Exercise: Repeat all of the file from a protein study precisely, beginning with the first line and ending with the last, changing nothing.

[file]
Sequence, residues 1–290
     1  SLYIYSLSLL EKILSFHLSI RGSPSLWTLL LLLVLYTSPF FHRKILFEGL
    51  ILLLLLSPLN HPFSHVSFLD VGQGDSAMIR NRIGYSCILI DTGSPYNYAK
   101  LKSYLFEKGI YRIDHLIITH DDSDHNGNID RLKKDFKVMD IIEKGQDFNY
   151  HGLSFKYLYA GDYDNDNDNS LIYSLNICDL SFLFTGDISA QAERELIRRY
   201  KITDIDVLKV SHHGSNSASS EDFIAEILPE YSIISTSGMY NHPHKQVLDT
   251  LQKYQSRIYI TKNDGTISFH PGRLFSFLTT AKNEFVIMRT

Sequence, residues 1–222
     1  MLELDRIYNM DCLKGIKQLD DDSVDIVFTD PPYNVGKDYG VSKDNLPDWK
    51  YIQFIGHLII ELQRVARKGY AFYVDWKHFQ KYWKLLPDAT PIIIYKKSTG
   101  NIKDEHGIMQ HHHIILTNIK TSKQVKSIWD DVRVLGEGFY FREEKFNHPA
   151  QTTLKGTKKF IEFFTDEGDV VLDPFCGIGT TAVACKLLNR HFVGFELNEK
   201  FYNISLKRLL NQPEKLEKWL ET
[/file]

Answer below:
Sequence, residues 1–290
     1  SLYIYSLSLL EKILSFHLSI RGSPSLWTLL LLLVLYTSPF FHRKILFEGL
    51  ILLLLLSPLN HPFSHVSFLD VGQGDSAMIR NRIGYSCILI DTGSPYNYAK
   101  LKSYLFEKGI YRIDHLIITH DDSDHNGNID RLKKDFKVMD IIEKGQDFNY
   151  HGLSFKYLYA GDYDNDNDNS LIYSLNICDL SFLFTGDISA QAERELIRRY
   201  KITDIDVLKV SHHGSNSASS EDFIAEILPE YSIISTSGMY NHPHKQVLDT
   251  LQKYQSRIYI TKNDGTISFH PGRLFSFLTT AKNEFVIMRT

Sequence, residues 1–222
     1  MLELDRIYNM DCLKGIKQLD DDSVDIVFTD PPYNVGKDYG VSKDNLPDWK
    51  YIQFIGHLII ELQRVARKGY AFYVDWKHFQ KYWKLLPDAT PIIIYKKSTG
   101  NIKDEHGIMQ HHHIILTNIK TSKQVKSIWD DVRVLGEGFY FREEKFNHPA
   151  QTTLKGTKKF IEFFTDEGDV VLDPFCGIGT TAVACKLLNR HFVGFELNEK
   201  FYNISLKRLL NQPEKLEKWL ET